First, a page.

Google released a new email app called Inbox on Wednesday that can best be described as Gmail-lite.
Intended to be less time-consuming than Google's original email service, Inbox borrows some of Gmail's features like prioritizing important messages and leaves out others, like ads.
"The team is focused on developing the product, and there are no ads in Inbox right now," said a Google spokeswoman in an email.
However, marketers won't be entirely locked out of the new app. The spokeswoman said that emails from brands will appear within Inbox but separated into a Promotions bundle, which is similar to Gmail's Promotions tab that was introduced last year.
These so-called "bundles" are a key feature of Inbox, grouping emails into categories like Finance, Travel and Social to reduce the time it takes to find a message. For example, the Finance bundle will contain someone's emailed bills.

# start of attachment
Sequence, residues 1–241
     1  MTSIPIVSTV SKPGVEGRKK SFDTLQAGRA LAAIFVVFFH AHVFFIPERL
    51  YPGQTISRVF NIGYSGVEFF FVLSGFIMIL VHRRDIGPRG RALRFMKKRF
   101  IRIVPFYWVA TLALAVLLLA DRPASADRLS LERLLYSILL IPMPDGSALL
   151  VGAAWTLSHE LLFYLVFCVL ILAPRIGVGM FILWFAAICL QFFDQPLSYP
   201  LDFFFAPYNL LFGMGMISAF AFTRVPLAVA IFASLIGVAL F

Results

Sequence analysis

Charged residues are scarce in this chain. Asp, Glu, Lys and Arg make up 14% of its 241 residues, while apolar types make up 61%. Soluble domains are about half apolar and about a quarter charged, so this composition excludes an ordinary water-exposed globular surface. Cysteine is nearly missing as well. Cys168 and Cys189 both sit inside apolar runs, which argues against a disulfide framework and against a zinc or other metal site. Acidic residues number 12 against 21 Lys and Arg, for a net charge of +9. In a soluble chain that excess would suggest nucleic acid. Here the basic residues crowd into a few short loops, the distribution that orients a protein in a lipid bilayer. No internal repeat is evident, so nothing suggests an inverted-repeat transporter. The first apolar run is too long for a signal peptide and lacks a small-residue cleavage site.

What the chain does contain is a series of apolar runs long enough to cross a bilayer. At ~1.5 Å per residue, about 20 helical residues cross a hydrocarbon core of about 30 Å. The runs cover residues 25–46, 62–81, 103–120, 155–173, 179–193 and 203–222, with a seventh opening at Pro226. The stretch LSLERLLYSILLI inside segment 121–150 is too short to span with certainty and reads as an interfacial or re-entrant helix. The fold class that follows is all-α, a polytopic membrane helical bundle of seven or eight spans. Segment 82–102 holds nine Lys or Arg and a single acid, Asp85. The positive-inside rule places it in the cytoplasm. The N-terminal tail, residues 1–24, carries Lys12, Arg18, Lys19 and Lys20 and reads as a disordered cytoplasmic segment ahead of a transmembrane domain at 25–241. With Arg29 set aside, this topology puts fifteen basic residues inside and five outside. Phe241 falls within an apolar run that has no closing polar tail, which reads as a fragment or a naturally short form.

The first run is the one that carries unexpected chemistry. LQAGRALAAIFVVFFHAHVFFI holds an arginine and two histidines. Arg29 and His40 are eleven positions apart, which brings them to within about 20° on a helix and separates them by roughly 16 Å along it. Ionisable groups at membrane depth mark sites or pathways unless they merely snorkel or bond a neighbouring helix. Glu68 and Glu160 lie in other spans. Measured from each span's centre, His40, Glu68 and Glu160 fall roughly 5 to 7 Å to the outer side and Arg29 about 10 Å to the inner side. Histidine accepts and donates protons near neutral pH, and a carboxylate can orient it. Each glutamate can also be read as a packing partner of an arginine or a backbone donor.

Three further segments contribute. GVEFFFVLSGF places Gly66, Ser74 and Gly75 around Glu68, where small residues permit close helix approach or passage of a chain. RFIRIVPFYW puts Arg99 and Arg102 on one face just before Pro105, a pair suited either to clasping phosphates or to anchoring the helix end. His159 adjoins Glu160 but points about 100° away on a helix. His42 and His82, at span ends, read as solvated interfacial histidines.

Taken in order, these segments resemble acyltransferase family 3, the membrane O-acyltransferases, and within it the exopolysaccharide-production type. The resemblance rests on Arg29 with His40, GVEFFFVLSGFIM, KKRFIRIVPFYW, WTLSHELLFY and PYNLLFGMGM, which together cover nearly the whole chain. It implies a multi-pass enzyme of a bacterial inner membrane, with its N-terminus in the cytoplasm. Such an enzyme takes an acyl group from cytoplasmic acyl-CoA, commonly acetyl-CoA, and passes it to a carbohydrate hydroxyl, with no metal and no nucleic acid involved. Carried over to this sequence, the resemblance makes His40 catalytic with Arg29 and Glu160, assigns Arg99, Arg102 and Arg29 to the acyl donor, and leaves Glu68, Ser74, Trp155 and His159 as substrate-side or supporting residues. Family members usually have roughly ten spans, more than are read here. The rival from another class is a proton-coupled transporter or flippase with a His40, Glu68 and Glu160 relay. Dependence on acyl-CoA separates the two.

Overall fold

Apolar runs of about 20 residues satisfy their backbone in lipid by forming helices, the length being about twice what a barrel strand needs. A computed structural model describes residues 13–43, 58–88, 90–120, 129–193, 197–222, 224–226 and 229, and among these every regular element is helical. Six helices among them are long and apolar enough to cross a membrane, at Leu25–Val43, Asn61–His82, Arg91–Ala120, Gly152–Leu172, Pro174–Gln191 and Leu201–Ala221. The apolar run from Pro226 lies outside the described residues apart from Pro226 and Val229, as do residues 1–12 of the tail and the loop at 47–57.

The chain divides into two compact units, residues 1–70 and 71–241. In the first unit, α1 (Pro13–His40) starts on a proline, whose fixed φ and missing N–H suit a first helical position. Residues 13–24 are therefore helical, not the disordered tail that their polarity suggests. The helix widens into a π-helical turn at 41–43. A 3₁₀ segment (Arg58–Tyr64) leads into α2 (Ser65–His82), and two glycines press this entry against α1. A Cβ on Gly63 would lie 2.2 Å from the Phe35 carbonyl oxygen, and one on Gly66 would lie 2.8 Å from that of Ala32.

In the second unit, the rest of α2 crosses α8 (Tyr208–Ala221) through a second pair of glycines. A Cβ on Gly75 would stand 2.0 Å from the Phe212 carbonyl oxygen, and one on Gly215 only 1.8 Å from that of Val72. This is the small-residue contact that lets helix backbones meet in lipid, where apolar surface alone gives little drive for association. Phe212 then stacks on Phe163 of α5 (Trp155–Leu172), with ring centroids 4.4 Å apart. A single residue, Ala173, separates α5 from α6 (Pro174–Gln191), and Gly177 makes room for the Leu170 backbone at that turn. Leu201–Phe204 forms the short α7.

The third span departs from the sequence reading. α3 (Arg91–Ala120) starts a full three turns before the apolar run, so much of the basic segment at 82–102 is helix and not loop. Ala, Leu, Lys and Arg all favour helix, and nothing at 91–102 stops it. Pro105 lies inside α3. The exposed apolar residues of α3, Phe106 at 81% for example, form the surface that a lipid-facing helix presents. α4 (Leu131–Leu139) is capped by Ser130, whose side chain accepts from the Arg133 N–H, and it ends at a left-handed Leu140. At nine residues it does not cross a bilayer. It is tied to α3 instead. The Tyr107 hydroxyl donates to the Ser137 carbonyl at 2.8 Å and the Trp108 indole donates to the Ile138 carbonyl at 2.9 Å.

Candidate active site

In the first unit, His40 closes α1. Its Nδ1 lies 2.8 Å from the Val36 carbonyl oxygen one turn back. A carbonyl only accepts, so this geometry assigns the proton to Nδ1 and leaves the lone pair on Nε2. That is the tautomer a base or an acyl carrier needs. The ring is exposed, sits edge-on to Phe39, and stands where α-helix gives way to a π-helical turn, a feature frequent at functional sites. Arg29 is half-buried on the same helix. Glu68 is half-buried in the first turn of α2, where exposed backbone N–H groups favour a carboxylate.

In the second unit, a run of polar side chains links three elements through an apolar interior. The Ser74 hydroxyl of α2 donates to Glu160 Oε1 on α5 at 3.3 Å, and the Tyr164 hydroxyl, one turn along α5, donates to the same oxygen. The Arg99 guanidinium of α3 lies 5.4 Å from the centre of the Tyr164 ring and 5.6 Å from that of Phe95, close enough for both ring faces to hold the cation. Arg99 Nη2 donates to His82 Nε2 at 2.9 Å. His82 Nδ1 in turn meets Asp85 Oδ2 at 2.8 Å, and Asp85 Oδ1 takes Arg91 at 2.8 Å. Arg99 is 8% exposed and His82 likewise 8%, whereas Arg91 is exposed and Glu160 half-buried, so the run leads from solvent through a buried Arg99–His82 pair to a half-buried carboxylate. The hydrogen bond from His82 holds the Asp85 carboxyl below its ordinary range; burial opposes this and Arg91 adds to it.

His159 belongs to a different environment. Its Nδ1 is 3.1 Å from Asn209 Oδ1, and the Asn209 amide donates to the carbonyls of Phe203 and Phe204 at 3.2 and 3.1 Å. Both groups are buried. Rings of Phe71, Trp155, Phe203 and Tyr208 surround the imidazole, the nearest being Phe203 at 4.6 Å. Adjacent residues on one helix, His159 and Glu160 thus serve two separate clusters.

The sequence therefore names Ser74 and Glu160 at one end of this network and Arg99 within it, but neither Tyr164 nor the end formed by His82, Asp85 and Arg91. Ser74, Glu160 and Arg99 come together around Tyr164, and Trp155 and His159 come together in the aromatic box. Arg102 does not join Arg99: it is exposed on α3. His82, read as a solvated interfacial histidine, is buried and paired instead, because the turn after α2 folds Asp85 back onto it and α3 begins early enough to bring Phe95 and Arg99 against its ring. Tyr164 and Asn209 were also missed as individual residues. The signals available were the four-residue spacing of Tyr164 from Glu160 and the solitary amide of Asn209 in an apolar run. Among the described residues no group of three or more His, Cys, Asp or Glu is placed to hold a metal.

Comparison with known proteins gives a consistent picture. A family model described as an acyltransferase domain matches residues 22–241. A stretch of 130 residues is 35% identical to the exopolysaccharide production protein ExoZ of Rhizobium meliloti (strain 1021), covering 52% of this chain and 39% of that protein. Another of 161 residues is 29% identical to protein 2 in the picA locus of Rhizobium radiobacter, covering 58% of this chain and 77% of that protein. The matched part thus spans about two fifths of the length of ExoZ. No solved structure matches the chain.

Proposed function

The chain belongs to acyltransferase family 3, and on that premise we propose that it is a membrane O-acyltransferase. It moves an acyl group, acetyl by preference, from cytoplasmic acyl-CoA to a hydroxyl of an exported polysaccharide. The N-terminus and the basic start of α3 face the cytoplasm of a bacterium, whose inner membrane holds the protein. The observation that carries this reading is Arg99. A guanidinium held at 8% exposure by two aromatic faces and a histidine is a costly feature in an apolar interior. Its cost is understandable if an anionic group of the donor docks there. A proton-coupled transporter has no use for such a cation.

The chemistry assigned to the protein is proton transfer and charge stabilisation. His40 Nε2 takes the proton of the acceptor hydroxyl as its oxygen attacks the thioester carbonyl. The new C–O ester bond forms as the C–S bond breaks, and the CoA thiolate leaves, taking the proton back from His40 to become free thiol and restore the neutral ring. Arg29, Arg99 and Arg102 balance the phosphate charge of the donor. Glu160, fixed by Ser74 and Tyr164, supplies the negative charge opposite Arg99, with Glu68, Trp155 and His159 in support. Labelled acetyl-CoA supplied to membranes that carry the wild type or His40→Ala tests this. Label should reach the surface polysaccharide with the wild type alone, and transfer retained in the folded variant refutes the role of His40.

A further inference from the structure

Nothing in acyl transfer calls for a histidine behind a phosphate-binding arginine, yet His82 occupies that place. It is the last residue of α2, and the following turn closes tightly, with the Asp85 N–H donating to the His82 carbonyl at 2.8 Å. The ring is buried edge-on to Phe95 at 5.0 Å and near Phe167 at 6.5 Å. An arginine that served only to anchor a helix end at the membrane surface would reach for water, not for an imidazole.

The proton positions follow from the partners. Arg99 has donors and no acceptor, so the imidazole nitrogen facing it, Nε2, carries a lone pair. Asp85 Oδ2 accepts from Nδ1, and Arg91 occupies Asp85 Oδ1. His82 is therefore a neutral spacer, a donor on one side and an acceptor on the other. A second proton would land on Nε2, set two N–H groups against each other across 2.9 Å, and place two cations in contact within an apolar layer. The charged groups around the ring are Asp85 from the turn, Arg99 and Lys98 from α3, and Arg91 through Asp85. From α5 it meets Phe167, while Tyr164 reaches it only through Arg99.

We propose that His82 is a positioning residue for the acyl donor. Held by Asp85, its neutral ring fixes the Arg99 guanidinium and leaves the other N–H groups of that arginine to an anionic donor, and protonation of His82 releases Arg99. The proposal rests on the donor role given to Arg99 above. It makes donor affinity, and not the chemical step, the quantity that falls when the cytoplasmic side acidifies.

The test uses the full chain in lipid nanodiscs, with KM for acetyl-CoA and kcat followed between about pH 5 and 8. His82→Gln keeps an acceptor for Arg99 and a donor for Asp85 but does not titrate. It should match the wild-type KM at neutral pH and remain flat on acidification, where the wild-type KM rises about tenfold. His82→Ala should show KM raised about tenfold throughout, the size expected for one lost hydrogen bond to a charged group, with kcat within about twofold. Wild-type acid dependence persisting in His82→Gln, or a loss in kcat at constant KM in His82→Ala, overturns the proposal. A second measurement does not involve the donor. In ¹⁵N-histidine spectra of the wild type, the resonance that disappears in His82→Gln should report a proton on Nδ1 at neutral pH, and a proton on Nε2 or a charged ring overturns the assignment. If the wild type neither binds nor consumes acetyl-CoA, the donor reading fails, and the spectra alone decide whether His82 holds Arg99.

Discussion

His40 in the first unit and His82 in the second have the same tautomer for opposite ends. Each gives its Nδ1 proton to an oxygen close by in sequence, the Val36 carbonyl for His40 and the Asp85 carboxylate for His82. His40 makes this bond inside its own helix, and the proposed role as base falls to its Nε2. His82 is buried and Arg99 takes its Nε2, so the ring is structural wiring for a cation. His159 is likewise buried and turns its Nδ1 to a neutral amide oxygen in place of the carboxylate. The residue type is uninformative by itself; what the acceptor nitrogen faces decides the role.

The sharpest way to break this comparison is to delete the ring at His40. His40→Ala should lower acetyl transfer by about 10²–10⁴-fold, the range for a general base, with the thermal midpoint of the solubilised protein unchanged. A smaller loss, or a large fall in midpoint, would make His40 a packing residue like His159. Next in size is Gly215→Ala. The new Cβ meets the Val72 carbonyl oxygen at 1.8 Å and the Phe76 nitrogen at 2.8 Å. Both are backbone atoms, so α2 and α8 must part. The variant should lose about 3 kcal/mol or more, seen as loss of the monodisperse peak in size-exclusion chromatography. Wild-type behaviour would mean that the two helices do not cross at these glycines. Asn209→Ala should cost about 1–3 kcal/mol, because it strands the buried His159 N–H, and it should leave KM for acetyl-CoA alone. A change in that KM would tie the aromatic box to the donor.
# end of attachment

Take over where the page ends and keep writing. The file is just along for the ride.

But the underlying intent of Inbox seems to be removing the need to open an email at all. The service will pull information like phone numbers, flight information or attachments from an email and highlight them within the app's main feed. And Inbox will sift through emails to do other things that make it more like a personal assistant than a message repository.
"For example, if you write a Reminder to call the hardware store, Inbox will supply the store's phone number and tell you if it's open. Assists work for your email, too. If you make a restaurant reservation online, Inbox adds a map to your confirmation email. Book a flight online, and Inbox gives a link to check-in," according to a Google blog post announcing Inbox.
By reducing the need for people to open an email in order to access the information they need, Inbox may shrink marketers' email open rates. But by potentially distilling the actual value of those communications, it may also reduce the likelihood of people deleting brands' emails or unsubscribing from their email lists.
Inbox is available as an app on devices running Apple's iOS or Google's Android mobile operating systems. People can also use it on desktop through Google's Chrome web browser. But as with Gmail's initial roll-out, anyone looking to use Inbox has to request an invite or receive one from a friend with access to the app.